WORTH A LOOK?: ****
WHERE? Young Vic RUNTIME: 185 minutes (including a 15-minute interval)
WHEN? 3/5, press night 9/5, runs to 29/6/19 (now extended to 13/7)
We were at the Royal Albert Hall last month for the Olivier Awards and the prize we were most pleased to see received was Sharon D. Clarke’s for Best Actress In A Musical and, as if to prove it, her performance of Lot’s Wife from Caroline, Or Change stole the show.
- Read on for reasons including how this production emphasises the mental health element of the classic play
Last year co-director Marianne Elliott re-imagined Company winning 4 Olivier Awards and for 2019 she updates Arthur Miller classic Death Of A Salesman emphasising the mental health element of the play.
Elliott was at the Albert Hall for the Oliviers and is in the audience tonight for this 3rd preview. The rapturous standing ovation at its close felt for us to be a little over generous to what felt like a luxuriant delve into the detail and back stories suggested by the original work.
Elsewhere, the jumbled contents of protagonist Willy Loman’s mind are brought vividly to life as we first see him mumbling to himself in his kitchen and then later he is visited by memories of his sons Biff and Happy in more joyous times.
Death Of A Salesman was written by American playwright Arthur Miller in 1949 and won a Pulitzer and 3 Tonys. It is the story of Loman, his family, the end of his career as a salesman and how he became estranged from the son who idolised him and he worshipped.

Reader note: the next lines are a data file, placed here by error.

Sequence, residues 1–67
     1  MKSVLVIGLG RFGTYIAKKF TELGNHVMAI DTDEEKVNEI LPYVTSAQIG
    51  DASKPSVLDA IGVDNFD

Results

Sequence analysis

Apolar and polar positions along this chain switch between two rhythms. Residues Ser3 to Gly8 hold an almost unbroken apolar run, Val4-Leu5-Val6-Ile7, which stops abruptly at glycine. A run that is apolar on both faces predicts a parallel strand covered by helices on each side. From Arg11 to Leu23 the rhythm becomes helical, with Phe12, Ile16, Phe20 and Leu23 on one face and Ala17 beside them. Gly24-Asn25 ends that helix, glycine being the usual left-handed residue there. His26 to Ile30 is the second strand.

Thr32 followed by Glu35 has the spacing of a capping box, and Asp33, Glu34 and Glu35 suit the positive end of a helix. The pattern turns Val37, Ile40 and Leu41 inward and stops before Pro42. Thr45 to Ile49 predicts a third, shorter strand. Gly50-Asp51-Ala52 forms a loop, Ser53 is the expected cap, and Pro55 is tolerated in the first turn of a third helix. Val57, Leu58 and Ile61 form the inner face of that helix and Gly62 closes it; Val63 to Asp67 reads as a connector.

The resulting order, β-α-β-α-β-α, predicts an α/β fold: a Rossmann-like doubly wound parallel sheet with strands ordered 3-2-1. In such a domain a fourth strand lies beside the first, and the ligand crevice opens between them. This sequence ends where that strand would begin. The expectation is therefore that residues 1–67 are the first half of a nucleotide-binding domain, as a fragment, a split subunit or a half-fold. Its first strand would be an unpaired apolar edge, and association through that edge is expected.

Fans of D. Clarke – and she won our Best Theatre Actress monsta last year for Caroline, Or Change in 2018 – will be delighted to know that both she and Arinze Kene, our Best Theatre Actor winner for Misty, get to sing here and it feels perfectly in keeping with the production.
We’re in 1949 and casting an African-American family here sits well with the piece. Our minor problem with it is that in 2015 we saw a brilliant production of it by the Royal Shakespeare Company starring Antony Sher and Harriet Walter and this is not quite its match. Centre stage there was Loman’s despair at no longer being able to provide for his family in a capitalist society.
Here it feels as if that cornerstone of Miller’s writing is glossed over instead to emphasise the no less important destruction of depression.
Kene is especially moving not least because we get to witness through his younger eyes exactly why his adoration for his father was crushed. Martins Imhangbe as his ‘philandering bum’ of a brother is effective at making clear how Loman’s poor parenting of both brothers have affected them in different ways.
D. Clarke is the best thing about it as the devoted but long suffering wife and her treatment at the hands of Loman, not least when he cuts her conversation short, is especially galling. We were looking for a little more from Pierce as Loman however because his anguish at losing his job didn’t quite click with us.
Elliott transformed Company with a simple gender switch but shifting the focus from the effects of austerity to mental health here seems very now but renders the emotional punch of the piece slightly less powerful.